About Time


This weekend I will be speaking at the annual Land Air Water conference at the University of Oregon.  My panel will be addressing the connection between how much time we spend at “work” and environmental damage and climate change.  It’s a bit of an unusual topic for me to speak about but as I’ve been working on my speech I’ve realized how much my relationship with time has changed over these past really challenging but hugely growth-filled eighteen months. 
I’ve had a lifelong struggle to be a human being instead of a human doing.  I have based so much of my identity, my goals and my time prioritization on being productive and delivering in my professional endeavors.  This has certainly partly been based on my oh-so-human self-fabricated ego seeking validation and recognition.  And I think it’s been greatly exacerbated by the fact that I feel such urgency to make change, to reverse the tremendous damage we are inflicting on this miraculous blue planet that I love.
It is hard to describe the shock, when my life blew up, of having all of the work I had been so deeply immersed in, abruptly yanked away.  My environmental and clean energy work, my work on poverty, all of it, even most of my colleagues, gone.  At first, I railed and thrashed and tried to force my work forward even in the midst of the terrible turmoil and pain.  It was to no avail and I finally gave in to the fact that I myself was too damaged, too worn out and freaked out to really “work” anyway.  I reached a point of surrender, realizing that all I could control or “Do” was the inner, spiritual work.  For the first time in my life I really slowed down.  Once I did, I was actually sort of shocked to realize how hard I had been working and pushing for so long. 
I had meditated for years but always treated it as a discipline, something to cross off the daily Do List.  Over these past months I have spent hours meditating …  unhurriedly.  I’ve studied spirituality and consciousness, and made space for lengthy conversations about those topics instead of the “work” that I had been so focused on.  I’ve read novels and watched movies.  I’ve volunteered building fences for dogs living on chains and rehabing injured wildlife.  Sometimes I forewent the intense, pound it out run in exchange for a long, slow hike.  I’ve taken time to really be present with, talk and interact with strangers.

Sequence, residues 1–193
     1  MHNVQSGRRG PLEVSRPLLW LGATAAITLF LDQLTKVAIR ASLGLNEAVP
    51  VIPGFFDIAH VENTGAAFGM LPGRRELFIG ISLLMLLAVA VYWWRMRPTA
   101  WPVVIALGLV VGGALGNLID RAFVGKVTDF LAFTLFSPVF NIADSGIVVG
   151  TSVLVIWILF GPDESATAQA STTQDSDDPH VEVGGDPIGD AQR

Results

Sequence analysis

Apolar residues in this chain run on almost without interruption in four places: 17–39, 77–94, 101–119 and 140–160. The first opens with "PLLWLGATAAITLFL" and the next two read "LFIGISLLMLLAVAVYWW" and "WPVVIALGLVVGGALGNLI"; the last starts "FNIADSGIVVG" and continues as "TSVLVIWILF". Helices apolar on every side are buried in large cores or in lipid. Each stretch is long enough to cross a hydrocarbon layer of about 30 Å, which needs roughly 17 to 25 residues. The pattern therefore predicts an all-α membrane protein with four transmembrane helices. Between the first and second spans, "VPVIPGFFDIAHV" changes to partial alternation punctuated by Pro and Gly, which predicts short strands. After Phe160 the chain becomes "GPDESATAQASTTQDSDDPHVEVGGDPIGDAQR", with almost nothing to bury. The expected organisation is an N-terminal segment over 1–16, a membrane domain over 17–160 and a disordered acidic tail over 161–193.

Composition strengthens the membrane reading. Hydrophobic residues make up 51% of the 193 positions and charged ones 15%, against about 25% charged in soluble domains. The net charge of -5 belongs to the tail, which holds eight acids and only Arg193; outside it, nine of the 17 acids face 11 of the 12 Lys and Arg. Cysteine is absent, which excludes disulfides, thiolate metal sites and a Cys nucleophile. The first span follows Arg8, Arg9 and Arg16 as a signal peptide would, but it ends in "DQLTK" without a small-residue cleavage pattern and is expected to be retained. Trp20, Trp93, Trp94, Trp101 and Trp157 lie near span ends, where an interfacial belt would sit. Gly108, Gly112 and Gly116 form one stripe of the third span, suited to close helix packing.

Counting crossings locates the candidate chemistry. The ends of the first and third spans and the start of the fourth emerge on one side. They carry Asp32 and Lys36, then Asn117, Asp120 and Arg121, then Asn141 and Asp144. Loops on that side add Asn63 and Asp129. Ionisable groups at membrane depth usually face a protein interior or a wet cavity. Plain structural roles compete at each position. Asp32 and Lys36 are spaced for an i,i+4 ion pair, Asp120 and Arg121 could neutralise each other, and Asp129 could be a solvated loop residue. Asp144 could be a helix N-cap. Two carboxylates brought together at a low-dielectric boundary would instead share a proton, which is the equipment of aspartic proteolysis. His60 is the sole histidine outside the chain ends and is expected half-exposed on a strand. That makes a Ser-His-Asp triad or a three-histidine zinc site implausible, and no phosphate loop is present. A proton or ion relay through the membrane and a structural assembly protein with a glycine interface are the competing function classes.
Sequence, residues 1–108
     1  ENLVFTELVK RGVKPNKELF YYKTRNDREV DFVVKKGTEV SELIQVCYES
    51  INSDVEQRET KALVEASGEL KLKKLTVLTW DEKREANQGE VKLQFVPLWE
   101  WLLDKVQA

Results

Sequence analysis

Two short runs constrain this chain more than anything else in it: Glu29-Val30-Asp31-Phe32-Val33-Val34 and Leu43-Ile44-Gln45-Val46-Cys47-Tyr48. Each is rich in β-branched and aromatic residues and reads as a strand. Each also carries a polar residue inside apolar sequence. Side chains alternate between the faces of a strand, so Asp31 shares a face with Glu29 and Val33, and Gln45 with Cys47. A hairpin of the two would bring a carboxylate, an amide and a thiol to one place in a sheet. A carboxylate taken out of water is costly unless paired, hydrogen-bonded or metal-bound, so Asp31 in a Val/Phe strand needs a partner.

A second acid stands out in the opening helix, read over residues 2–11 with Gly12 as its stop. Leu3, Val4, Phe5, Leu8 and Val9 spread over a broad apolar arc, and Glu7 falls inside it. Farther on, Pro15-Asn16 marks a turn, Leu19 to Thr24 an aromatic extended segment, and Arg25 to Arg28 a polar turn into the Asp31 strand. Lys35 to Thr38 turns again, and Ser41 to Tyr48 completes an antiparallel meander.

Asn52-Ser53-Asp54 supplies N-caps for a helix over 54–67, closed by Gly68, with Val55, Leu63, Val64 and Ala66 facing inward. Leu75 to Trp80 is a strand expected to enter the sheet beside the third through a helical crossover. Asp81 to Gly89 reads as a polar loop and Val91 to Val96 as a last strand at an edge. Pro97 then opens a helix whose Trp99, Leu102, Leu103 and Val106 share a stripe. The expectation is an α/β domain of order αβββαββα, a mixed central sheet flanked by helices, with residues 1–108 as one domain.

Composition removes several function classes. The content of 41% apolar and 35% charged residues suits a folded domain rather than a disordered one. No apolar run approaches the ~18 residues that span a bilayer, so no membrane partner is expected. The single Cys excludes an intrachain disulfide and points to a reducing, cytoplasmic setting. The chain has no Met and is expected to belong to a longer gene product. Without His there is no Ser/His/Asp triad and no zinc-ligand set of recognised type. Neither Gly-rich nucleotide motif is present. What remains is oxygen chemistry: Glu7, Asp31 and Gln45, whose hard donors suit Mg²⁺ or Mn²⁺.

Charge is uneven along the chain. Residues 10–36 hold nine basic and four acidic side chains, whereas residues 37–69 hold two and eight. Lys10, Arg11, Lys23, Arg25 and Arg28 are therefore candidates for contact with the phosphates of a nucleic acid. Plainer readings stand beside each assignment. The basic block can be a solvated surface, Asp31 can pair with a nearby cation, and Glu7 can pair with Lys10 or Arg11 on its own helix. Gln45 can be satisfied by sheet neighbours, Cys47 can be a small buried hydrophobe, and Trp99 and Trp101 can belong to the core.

And lo and behold I like it!  I have realized, once I was forced to stop driving so hard, I didn’t want to drive so hard.  This has been a period of reflection, deep healing and powerful insights that is adding so much richness and depth to my life.  
Now, over the past six months or so I have been resuming the “Work”, moving forward again with my career and my efforts to protect and restore Nature.  I am working with some great clients again and doing a lot of writing, including for a new magazine I’m helping to launch called Issue Magazine.  It feels great to be working again, to be making a contribution to my clients and my cause and I am deeply grateful to be rolling once more. 
And yet, I am not rolling quite so fast or working as long or as “hard” as I did before.  I’m not allowing my meditation time to be the first thing to go when I feel the pressure of a deadline.  I’m committed to maintaining this new, gentler, more open relationship with time. 
And I am seeing amazing results!  Solutions just seeming to come easily, opportunities laying themselves before me and deeper, richer personal connections with my clients.  It is fascinating and exciting. 
I’ve always known that my work on behalf of the Earth was spiritual work, but in reality I was mostly giving that lip service, skimming along the surface.  This recent unasked for and greatly resisted sabbatical was something of a spiritual intervention and a gift.  Shifting how I prioritize time has brought me full spiral back to my roots but on a slightly higher rung.  I’m no longer spending time; I’m investing it. 
Cylvia Hayes
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